Bees and the Morse code

Theme: Biodiversity & Ecology

Primary Supervisor:

Elisabetta Versace

School of Biological and Chemical Sciences, QMUL

Elisabetta Versace (QMUL)

Secondary Supervisor:

Lars Chittka

School of Biological and Chemical Sciences, QMUL

Lars Chittka (QMUL)

Project Description:

Animals don’t need large brains to cope with their complex environment: with their tiny brains, insects exhibit sophisticated behaviours that increase their fitness. Remarkable differences between species remain to be understood. Think about bees. Both honeybees and bumblebees forage for their colonies but only honeybees communicate the location of food to their mates through a specific behaviour called waggle dance. Is this a specific adaptation that has no implications besides communication about food, or are honeybees better equipped for learning patterns in general? To answer this question, we will test whether honeybees and bumblebees have different abilities to learn rhythmic patterns presented as flashing lights, as in the Morse code. Foragers will be trained to gain a sucrose reward by choosing between lights that flash according to patterns that follow different rules. The ability to learn different rules has been studied in different mammals and birds but whether insects exhibit rule learning abilities is an open question. Bees are an ideal candidate to address this issue because we know they can learn abstract concepts such as “same” and “different”, and because the comparison between bumblebees and honeybees can tell us something about the existence of general or specialised learning abilities as a result of adaptive processes.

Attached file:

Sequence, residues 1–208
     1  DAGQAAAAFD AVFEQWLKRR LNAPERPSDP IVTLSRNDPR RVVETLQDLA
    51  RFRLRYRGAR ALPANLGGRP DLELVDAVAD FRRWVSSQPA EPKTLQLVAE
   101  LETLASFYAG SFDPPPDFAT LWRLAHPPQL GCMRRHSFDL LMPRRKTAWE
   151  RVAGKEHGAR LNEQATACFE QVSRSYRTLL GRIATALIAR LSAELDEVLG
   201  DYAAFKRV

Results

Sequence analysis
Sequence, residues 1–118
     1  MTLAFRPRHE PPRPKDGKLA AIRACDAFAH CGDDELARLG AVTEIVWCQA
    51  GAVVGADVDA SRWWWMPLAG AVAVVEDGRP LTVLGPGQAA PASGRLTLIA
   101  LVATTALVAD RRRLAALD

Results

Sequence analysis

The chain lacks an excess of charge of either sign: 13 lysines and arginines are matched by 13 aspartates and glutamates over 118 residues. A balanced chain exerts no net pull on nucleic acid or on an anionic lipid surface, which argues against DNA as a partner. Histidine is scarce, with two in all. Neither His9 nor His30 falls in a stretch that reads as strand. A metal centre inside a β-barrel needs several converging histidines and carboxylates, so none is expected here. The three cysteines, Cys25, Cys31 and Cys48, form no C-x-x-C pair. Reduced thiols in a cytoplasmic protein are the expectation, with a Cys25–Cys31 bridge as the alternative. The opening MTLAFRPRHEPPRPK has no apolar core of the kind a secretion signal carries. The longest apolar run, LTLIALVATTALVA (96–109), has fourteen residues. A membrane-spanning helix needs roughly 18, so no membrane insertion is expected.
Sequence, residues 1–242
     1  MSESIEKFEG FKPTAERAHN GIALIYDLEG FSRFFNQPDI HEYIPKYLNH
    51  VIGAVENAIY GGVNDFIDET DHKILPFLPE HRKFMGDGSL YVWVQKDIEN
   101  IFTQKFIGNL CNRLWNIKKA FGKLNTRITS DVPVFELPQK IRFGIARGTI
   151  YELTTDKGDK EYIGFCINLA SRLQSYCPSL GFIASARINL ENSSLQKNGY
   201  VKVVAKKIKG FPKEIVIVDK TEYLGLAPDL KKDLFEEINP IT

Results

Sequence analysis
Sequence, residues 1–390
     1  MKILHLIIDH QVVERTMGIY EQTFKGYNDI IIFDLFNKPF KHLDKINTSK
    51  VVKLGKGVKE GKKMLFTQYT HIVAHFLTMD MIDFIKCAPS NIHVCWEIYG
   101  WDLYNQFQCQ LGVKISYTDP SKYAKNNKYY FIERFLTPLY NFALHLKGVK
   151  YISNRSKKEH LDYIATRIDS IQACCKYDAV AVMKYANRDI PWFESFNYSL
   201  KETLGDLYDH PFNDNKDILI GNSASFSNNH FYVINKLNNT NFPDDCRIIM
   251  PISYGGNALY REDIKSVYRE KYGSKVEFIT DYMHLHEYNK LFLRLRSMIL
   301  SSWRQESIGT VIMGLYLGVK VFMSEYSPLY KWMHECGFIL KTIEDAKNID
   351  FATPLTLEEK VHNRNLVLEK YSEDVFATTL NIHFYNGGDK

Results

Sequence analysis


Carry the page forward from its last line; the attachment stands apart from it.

Policy Impact of Research:

Bees are fundamental pollinators for agriculture and in wild ecosystems, with a pivotal role in biodiversity. Understanding bees’ behavioural ecology and cognitive abilities is crucial especially now that bees are under threat due to different climatic and anthropogenic factors. 

CASE Partner:


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